Final 2003 Scouting Report: P, Kenneth Chenard

Kenneth Chenard was a draft and follow signee in the spring of 1999. He was originally a 46th round draft selection in the June 1998 free agent draft. Chenard missed his senior season in high school due to an injury. His father who was his high school coach contacted a friend who knew a Mets scout. Chenard got a tryout and was drafted by the Mets late in the draft. His father had taught Chenard how to throw a 2-seam fastball and slurvy slider.

In the 1999 Florida Instructional League, the Mets taught Chenard how to throw a 4-seam fastball and a power curve ball.

With Chenard's injury history, the Mets should make a permanent decision to convert him to a relief pitcher. He's pitched only 149 1/3 innings the last three years. Don't let the fact that 16 of Chenard's 17 appearances in 2003 were starts fool you. Even with the 16 starts, Chenard averaged less that 4.5 innings per appearance (4.45 to be exact) this past season for St. Lucie. But the production was still there. Chenard held opposing batters to a .231 average this past season and he averaged 9.87 strikeouts per nine innings...excellent peripherals for right handed setup man.

Year

Team

W-L

IP

Hits

BB

K

ERA

2003

St. Lucie

7-4

75.2

65

32

83

4.04

2002

St. Lucie

2-4

56

42

25

39

3.72

2001

St. Lucie

0-1

1.2

3

4

2

37.80

2001

Cap City

0-2

16

14

8

12

4.50

2000

Cap City

4-5

94

75

48

112

2.86

1999

Kingsport

6-3

76

64

25

80

3.07


* Stats as of 9/7/03.

Repertoire. 4-seam fastball (FB), 2-seam fastball, curve ball (CB), slider (SL), and change up (CU).

Fastball. Chenard throws his explosive 4-seam FB in the 93-94 mph range with an ability to reach 95-96 mph. His 2-seam fastball sits in the 89-91 mph range with good sinking action.

Other Pitches: Chenard has an excellent power CB and SL. The CU needs work.

Pitching: Chenard has good command and will work both sides of the plate. His stuff is dominant enough that the art of pitching is mostly throwing pitches to good spots and working both sides of the plate.

Projection: Chenard's durability raises concerns about his ability to develop into a SP. Chenard's stuff would make him a solid closer prospect, or at minimum, an excellent setup man.

ETA: Late 2005 or 2006.

Relievers Team
Tyler Yates AAA - Norfolk Tides
Orber Moreno AAA - Norfolk Tides
Dan Wheeler AAA - Norfolk Tides
Heath Bell AAA - Norfolk Tides
Jason Scobie AAA - Norfolk Tides
Mike Cox AA - Binghamton Mets
Paul-Jon Bevis AA - Binghamton Mets
Jason Saenz AA - Binghamton Mets
Nick Mattioni AA - Binghamton Mets
Tim Lavigne AA - Binghamton Mets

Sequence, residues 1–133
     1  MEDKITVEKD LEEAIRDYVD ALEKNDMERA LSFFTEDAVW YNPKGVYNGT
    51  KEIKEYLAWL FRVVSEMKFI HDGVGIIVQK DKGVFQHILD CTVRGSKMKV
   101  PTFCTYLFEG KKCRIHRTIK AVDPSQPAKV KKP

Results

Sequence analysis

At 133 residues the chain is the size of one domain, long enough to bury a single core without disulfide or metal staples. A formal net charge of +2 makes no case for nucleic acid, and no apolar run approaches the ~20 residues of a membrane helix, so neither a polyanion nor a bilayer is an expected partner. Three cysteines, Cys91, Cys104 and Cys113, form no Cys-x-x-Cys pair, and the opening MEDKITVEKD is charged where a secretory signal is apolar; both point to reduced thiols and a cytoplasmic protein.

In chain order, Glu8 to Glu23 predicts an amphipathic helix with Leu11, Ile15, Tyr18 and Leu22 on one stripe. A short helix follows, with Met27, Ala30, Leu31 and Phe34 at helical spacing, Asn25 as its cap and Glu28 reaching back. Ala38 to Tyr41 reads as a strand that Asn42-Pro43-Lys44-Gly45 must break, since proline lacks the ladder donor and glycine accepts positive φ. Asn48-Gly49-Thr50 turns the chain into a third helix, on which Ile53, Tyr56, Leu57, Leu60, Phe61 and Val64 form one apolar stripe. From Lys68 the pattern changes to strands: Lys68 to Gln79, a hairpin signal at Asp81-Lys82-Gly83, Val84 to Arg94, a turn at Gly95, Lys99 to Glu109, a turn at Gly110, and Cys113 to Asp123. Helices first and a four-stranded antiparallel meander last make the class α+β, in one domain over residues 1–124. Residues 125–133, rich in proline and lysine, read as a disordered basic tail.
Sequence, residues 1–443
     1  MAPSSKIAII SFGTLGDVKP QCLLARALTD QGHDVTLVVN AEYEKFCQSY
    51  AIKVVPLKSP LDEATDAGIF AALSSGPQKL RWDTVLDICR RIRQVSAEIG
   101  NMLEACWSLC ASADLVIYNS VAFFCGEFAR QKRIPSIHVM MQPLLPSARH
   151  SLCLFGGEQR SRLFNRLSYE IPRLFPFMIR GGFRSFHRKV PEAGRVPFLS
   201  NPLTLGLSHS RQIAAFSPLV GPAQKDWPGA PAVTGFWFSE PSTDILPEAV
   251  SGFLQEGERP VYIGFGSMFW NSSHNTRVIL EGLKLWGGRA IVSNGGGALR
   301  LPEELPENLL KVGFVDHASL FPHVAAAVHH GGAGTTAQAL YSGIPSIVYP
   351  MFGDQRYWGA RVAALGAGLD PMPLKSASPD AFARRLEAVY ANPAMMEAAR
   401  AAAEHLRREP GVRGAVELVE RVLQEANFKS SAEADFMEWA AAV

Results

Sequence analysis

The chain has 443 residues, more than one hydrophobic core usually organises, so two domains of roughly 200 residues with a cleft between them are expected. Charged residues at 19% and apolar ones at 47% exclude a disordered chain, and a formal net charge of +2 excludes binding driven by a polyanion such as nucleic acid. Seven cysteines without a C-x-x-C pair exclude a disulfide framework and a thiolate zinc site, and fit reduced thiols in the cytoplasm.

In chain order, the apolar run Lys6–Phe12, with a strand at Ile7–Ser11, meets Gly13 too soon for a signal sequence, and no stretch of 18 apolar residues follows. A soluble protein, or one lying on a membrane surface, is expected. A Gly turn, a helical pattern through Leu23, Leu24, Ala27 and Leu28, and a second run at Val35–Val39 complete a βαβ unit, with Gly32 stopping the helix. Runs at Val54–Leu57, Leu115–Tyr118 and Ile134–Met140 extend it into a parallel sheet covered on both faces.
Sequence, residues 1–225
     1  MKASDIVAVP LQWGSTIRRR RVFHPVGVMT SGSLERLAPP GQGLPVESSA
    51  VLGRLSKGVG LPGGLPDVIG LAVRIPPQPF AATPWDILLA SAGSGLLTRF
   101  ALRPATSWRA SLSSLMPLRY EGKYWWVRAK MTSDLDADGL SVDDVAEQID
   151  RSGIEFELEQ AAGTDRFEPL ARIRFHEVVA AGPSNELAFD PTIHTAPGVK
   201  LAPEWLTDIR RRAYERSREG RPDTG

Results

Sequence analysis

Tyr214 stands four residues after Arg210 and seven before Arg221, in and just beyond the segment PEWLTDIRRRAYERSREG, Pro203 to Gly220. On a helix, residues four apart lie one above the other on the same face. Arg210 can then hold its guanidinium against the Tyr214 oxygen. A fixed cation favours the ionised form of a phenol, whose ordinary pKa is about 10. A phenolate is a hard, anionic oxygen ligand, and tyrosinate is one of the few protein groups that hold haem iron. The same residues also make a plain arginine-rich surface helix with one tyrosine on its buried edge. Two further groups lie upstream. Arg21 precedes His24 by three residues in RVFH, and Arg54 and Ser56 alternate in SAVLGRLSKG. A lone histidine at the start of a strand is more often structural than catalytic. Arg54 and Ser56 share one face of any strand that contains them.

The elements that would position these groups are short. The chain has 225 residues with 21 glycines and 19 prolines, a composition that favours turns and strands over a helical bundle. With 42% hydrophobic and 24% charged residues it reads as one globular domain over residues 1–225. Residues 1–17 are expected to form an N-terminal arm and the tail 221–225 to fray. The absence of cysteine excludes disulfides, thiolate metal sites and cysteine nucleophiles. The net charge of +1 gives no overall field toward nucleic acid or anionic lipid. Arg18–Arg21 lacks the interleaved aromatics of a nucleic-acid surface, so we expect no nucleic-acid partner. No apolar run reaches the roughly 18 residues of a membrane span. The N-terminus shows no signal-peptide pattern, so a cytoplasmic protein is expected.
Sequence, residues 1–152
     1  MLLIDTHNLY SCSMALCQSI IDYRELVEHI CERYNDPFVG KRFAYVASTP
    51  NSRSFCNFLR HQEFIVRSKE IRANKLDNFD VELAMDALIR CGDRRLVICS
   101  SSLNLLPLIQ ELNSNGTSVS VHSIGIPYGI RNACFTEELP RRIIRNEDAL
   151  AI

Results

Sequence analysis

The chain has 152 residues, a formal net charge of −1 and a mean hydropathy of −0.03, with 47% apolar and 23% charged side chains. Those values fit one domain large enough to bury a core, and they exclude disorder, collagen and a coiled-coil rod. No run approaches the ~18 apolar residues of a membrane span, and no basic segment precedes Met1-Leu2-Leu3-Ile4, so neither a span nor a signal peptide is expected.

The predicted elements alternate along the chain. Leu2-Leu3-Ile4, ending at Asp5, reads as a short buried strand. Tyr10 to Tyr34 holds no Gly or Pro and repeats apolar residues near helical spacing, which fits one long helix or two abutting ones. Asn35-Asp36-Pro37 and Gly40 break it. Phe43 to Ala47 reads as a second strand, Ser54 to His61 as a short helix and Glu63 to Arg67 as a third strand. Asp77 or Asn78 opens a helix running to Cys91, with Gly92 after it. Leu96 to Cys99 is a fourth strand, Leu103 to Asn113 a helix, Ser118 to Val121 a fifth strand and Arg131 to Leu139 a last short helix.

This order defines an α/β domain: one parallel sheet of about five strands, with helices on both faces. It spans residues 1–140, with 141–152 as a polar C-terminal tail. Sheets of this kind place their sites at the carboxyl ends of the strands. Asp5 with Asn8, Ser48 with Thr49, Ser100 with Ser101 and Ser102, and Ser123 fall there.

Steve Bennett A - St. Lucie Mets
Blake McGinley A - St. Lucie Mets
Rafael Lopez A - St. Lucie Mets
David Byard A - St. Lucie Mets
Bryan King A - Capital City Bombers
Carlos Muniz A - Brooklyn Cyclones
Celso Rondon R - Kingsport Mets


COMMENTS


The Mets possess good depth at RP. Most teams normally convert SP into RP at some stage in the development process. The Mets have 3 closer prospects that were recovering from surgery in 2003: Tyler Yates, Orber Moreno and Franklin Nunez. The Mets added closer prospects in Royce Ring and Kole Strayhorn in deals respectively with the White Sox and Dodgers. The Mets also added Josele Diaz and Anderson Garcia in trades with the Dodgers and Yankees. The Mets are currently using them as SP, but neither yet have the repertoire to start. Thus, the eventually might be added to the closer mix.

The Mets have decent depth in LHP RP prospects: Mike Cox; Jason Saenz; and Blake McGinley. Further, Yunior Cabrera, Brian Walker and Ross Peeples could easily be lefties added to the bullpen. There is also some depth in pitchers who might serve a variety of roles in the bullpen such as Heath Bell, Jason Scobie, Tim LaVigne, PJ Bevis, Rafael Lopez, Celso Rondon, Carlos Muniz, and Bryan King. Certain SP such as Jake Joseph and Joey Cole should find their way into the bullpen.

1. Tyler Yates who reached 100 mph in Spring Training is recovering from TJ surgery. The Mets have been using him as a starter. I still expect him to return to the bullpen. His FB possesses good movement and his SL sharp break. He'd be the top closer prospect.

2. Orber Moreno, once the KC Royals closer of the future, is recovering from both shoulder and elbow surgeries that have derailed him since 2000. He features a mid-90s FB with great movement, SL and CU. He struggled in his September callup.

3. Franklin Nunez features a high 90s FB with a SL, Splf. FB, and CU.

4. While Cox may have better stuff, McGinley is the surest of the lefty prospects to pitch in MLB. He features a mid-to-high 80s FB with excellent movement, a sharp break curve and effective CU. He's added a SL. His repertoire is extensive enough to be considered for an opportunity to start.

5. Mike Cox has been plagued by control issues, he has great stuff a low-90s FB with excellent movement and a sharp breaking CB.

6. Royce Ring throws a low 90s FB with nasty movement, a sharp breaking pitch and a decent CU.

7. Kole Strayhorn features a mid-90s FB that tops out at 97-98 mph.

8. P J Bevis should be an effective in either as a middle RP or in a setup role.

9. Tim LaVigne who features a big breaking CB is another candidate for middle RP or setup.

10. Jason Scobie looks at best candidate like a middle RP/long RP/spot SP. He features a quality CB and SL. He also has a 2-seam FB with solid sink and a CU with good drop.

11. Rafael Lopez is another RP who could fill the middle RP/long RP/ spot SP role.

12. Jake Joseph might make an excellent setup with his excellent 2-seam FB, slurvy SL and CU. Combo.

13. Heath Bell's FB sits at 92-95 mph. He also complements with a decent SL and spl. FB.

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